At the overwhelming majority of shooting competitions, you will never see a truly slung rifle. Slings are commonly used for precision long-range shooting competitions, but seeing a 3-gun stage where the start position is with a slung rifle and your hands elsewhere is exceptionally rare. Still, at the 2013 FNH USA 3-Gun Championship there were a couple stages that had that exact start position, and it was just my luck that I was the one holding the timer when things went all pear shaped . . .
FNH USA is the title sponsor of the match, so all of the Team FNH USA members (including scribes shoehorned onto the team) work the match and help out wherever they’re needed. We float from stage to stage, filling in for tired range officers when they need a rest or helping reset the stage for longer courses of fire. I was giving the RO a break on stage nine and running the next squad through when the incident happened.
The stage is set up such that the shooter starts on one side of a long table just outside the shooting area. The shooter’s hands are on a plastic knife which is positioned above a dummy as if about to stab them in the chest with a slung and completely empty rifle (no magazine, empty chamber). On the start signal the shooter drops the knife, enters the shooting area, loads the rifle and proceeds with the stage. The range officers had all positioned themselves on the other side of the table facing the shooter for the start. That gave them a better view of the guns and kept them out of the way of the shooter in the cramped starting area.
I had just finished running the Miculek clan through the stage when the shooter in question stepped to the line. We staged his guns, slung his rifle and prepared to start the stage like everyone else. As soon as I touched the buzzer, he started moving. And in a flurry of motion, somehow the butt of his rifle slammed into the ground.
I can remember the image in my mind as clear as day. He was bent over as if he’d just tripped over the wooden stake that represented the fault line for the stage (you need to go over it to enter the shooting area and begin the stage). In his right hand, he was holding onto the rifle’s sling and the muzzle was pointed safely downrange. At no point did that muzzle even come close to the 180 line. But the butt end of his rifle very clearly and audibly hit the ground.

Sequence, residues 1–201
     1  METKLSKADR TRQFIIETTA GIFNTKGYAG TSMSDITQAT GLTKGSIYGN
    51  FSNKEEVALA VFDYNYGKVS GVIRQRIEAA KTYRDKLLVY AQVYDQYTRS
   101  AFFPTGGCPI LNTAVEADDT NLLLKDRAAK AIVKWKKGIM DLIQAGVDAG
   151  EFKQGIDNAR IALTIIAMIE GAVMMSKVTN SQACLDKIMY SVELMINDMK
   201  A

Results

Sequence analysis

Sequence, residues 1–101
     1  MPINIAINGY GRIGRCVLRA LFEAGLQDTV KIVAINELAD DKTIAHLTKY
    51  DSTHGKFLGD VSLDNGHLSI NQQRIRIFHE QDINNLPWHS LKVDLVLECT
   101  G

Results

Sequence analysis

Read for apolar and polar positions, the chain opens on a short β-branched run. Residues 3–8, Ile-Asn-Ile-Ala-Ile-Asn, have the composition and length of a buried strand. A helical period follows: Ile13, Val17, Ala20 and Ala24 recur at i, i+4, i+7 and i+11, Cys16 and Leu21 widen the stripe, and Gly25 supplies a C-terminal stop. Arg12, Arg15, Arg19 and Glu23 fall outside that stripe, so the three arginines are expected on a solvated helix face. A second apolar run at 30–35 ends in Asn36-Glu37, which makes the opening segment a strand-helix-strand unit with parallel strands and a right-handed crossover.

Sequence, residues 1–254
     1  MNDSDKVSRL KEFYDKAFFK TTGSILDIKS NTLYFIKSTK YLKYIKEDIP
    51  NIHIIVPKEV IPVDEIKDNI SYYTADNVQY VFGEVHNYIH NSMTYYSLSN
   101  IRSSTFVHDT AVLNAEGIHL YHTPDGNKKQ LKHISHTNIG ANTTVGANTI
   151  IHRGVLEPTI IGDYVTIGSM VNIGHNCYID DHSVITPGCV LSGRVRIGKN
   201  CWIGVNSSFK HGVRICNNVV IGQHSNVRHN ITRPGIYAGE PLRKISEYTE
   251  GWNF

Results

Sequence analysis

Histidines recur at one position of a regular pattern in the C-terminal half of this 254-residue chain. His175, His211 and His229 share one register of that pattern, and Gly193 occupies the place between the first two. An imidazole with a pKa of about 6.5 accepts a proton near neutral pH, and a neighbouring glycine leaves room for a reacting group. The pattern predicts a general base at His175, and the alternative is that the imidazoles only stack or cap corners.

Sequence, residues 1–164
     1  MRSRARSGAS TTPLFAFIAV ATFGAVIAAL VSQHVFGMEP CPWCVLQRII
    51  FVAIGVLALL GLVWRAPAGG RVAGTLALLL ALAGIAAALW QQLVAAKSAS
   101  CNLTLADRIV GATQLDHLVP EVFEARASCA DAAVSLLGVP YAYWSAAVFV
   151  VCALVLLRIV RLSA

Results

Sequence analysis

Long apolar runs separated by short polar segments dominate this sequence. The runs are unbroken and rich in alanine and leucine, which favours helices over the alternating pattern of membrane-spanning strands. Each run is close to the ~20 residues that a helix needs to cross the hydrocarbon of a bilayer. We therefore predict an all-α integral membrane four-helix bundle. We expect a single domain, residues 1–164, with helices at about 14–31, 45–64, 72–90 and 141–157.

No two 3-gun competition’s rule books are the same. They all follow the same general outlines, but there are always deviations and quirks from match to match. The one constant rule, however, is that anyone who drops a gun during a course of fire — loaded or unloaded — is instantly disqualified. It’s a safety issue since the shooter no longer has control of the gun and it could potentially fire and injure someone (especially with the 1/2 pound triggers some guys are using). Besides, a shooter who has proven themselves to be unsafe with a firearm needs to be sent home, if only for liability reasons.
So there I was; a firearm was on the ground as a result of what appeared to be a slip or trip on the part of the shooter. Yet the shooter’s hands never left the sling, and the muzzle didn’t break the 180 line. You could hear a goddamned pin drop at that point on the stage.
My very first reaction was that he was OK to continue the stage. In the split second I had to make my decision I saw a hand on the gun, that he had been in continuous physical possession of the firearm and the gun was pointed in a safe direction. To my mind, it was no different than when Team FNH’s Larry Houck took a tumble at the Crimson Trace 3-Gun and face-planted into the dirt with his handgun, got up, and continued the stage. He never “dropped” the gun.
As the shooter was proceeding with the course of fire, I was watching his gun with half my brain and tried to process what just happened with the other half. I had only had about five seconds to think when the chief range officer for the stage (the guy in charge of that specific stage) came up behind me and told me to stop the shooter — that he was disqualified. The CRO is the highest authority on a stage so I followed his directions and proceeded to stop the shooter and start the DQ procedure. We called the range master for the match over, the CRO explained what happened and he hit the button on the scoring tablet to remove the shooter from the match.